By now just about everyone has heard about the contentious Wisconsin Assembly vote early Friday morning that approved Governor Scott Walker’s contentious “budget repair” bill in mere seconds — without even allowing time for the entire assembly to vote! Since I couldn’t find a map of the vote anywhere else, I decided to make one myself. Now it is easy to see whose representatives have been listening, whose have not, and whose weren’t given a chance to represent their constituents at all.
You are welcome to copy and share this map. If you want more information, you can access the full vote roll from the Wisconsin State Legislature website. They also offer detailed and numbered maps of the state assembly districts.
Edit: The map has been corrected to show that Janet Bewley (D) of District 74 (Ashland) did not get in a vote. I apologize for any confusion caused earlier.
The protests this month in Madison have incorporated much discussion of fairness — something that people on all sides claim to be seeking. The debate reminds me of a quote by Dr. Samuel Johnson, a British scholar best known for compiling A Dictionary of the English Language in the 1750s. Dr. Johnson was a staunch conservative in an era when conservatism meant defending aristocratic privilege, and he once disparaged an egalitarian movement in England by remarking, “Sir, your levellers wish to level down as far as themselves; but they cannot bear levelling up to themselves.”
These words struck me as a very legitimate criticism. Why is it that those who stand up for fairness so often fixate on cutting down those who are better off, rather than lifting up all of society?
Make no mistake: Dr. Johnson was on the wrong side of political history. At the cusp of the American Revolution, for example, he wrote that “there can be no limited government” and that “since the Americans have made it necessary to subdue them, may they be subdued … When they are reduced to obedience, may that obedience be secured by stricter laws and stronger obligations!” This does not mean that all of Dr. Johnson’s observations lack merit. His comment about levellers seems enduringly and unfortunately relevant. It is, however, something we can change. When we work towards fairness, we should strive to level up, not to level down.
I grant that there are limits. We cannot all rise to be aristocrats, for there would then be no one left to serve our feasts or plow our fields. That dependence on servitude is where the truth becomes manifest: real unfairness comes not so much when some people have more than others, but rather when some people have more than others through coercion — when one class lives high by exploiting the labor of others.
People who legitimately seek fairness and equality will work, not to bring people down, but to raise people up by leveling the distribution of power, eliminating the privileges that give one class, race, or gender the power to exploit or to hold down the rest. That is the way to level up.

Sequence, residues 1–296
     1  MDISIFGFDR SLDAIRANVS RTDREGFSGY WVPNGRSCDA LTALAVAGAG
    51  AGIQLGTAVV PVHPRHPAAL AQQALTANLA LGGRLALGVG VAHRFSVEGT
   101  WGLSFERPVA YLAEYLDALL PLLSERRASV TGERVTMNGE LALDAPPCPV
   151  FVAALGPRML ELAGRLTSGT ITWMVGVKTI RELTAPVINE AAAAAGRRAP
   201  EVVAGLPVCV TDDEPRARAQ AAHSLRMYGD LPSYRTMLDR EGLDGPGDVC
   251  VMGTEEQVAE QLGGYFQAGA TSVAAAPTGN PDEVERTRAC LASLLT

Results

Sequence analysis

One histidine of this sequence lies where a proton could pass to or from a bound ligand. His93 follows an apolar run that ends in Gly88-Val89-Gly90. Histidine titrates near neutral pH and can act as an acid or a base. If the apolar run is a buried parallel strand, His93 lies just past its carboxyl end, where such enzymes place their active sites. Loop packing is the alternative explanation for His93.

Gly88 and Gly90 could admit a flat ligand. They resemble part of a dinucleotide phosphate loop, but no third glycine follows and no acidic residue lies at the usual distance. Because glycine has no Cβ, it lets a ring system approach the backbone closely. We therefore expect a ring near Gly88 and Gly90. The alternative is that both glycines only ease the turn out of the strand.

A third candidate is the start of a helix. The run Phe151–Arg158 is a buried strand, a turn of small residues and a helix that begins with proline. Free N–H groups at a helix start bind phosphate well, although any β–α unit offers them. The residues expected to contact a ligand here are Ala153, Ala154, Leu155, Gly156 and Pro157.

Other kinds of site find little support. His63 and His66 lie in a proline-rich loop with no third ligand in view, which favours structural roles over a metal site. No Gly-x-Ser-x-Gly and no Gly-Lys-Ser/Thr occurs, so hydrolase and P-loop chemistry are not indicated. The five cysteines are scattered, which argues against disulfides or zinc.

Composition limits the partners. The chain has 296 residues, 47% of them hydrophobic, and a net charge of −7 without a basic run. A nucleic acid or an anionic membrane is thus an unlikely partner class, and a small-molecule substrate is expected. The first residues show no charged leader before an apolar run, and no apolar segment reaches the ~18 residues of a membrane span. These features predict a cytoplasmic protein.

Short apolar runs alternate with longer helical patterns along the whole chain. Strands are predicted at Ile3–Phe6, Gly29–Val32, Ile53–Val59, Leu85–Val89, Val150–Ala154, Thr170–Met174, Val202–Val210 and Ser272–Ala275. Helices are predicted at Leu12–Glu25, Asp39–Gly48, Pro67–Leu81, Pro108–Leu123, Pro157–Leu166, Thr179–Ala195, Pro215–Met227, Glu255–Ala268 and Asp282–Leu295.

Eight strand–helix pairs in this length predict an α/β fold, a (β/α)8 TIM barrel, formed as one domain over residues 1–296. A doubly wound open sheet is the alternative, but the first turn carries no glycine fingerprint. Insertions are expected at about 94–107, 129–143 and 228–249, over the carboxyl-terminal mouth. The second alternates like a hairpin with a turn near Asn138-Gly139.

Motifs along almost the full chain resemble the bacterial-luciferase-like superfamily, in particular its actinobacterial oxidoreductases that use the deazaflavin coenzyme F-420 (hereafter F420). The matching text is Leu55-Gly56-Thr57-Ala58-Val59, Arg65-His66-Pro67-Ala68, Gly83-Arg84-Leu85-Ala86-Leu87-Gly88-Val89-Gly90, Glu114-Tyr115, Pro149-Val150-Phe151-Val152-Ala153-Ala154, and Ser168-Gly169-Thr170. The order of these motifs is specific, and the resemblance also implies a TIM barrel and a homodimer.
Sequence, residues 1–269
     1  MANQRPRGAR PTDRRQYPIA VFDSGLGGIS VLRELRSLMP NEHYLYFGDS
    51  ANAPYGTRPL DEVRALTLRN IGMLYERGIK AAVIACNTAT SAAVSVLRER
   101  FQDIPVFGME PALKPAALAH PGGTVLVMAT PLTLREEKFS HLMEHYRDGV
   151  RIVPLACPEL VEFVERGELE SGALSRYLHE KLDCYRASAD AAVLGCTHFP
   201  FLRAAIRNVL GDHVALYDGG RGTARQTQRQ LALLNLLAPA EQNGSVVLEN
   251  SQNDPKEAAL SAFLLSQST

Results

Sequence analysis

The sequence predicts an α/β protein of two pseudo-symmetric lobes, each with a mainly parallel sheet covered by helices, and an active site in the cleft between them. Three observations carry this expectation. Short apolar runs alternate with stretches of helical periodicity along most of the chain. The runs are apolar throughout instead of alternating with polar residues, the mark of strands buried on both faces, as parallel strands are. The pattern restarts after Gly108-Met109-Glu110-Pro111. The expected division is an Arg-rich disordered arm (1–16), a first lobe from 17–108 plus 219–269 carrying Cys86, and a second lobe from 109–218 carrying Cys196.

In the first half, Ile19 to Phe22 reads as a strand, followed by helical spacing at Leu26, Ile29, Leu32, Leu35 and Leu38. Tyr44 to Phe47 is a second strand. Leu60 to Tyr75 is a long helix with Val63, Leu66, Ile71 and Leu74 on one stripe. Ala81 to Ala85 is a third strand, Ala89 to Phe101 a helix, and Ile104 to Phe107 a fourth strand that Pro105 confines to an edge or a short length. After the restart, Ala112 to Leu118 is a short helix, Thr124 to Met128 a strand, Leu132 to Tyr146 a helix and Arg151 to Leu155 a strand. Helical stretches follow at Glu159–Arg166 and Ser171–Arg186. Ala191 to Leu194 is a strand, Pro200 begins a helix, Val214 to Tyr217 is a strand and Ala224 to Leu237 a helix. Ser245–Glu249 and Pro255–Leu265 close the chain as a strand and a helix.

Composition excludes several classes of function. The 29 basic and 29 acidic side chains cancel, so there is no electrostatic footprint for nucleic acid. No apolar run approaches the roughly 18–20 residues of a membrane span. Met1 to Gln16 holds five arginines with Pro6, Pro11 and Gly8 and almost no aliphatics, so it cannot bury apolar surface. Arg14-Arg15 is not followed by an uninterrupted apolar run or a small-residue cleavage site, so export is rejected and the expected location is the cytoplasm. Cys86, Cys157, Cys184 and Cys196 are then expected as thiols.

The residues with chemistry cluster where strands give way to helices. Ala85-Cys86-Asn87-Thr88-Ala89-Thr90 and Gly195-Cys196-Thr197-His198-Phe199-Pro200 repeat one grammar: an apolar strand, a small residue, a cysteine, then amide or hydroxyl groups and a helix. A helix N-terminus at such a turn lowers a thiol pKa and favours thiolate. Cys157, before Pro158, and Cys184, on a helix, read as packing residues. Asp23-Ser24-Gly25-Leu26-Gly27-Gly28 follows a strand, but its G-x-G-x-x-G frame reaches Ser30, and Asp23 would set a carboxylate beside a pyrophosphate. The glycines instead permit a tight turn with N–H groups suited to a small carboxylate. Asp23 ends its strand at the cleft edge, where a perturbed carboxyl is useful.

This post is long overdue. For years now, I’ve cringed at the constant appeals for “increased efficiency” made by managers, executives, politicians, researchers, journalists, teachers, engineers, activists, bosses, columnists, liberals, designers, coaches, conservatives, accountants, and radio talk show hosts. I think it is safe to say that we all agree: all of us want to make our businesses, our jobs, our governments, our schools, and our refrigerators more efficient. Efficiency is a good thing.
Efficiency, however, is a property of means, it is never an end, and it cannot be an ultimate goal. The thing that matters most is our choice of objects to efficiently accomplish. The business that efficiently returns value to shareholders is not necessarily the business that efficiently rewards good employees or that efficiently turns out efficient refrigerators. It is clear that machine guns and gas chambers are very efficient killing machines, but efficient murder isn’t a good thing at all.
When a merchant or a candidate or an employer tries to sell you on efficiency, it is a meaningless pitch unless you ascertain what sort of efficiency he or she means. Is the most efficient factory the one that makes widgets the most quickly, or the one that makes the strongest widgets? Is the most efficient government the one that does things for the least expense, or the one that does things for the most good? Is the most efficient plan for your boss the most efficient plan for you?
Let’s take a collective step back from this mad drive towards efficiency, and remind ourselves of our values, our goals, and what it is we’re trying so hard to accomplish. Using ends to justify means is bad enough. Don’t make the means into the end.
It’s official: 66 of 99 counties in Iowa lost people between 2000 and 2010, even while the overall state population increased by 4.1% owing to the growth of large cities and especially suburbs — continuing a decades-long trend. These details from Census 2010 were released today by the U.S. Census Bureau:
Iowa is the first state in the region for which detailed Census 2010 data has been released. The Census Bureau plans to release data on a rolling state-by-state basis to be completed by April 1. I’ll be sure to note the release of data for Wisconsin here at Acceity when that arrives. In the meantime, the Iowa returns offer something to think about.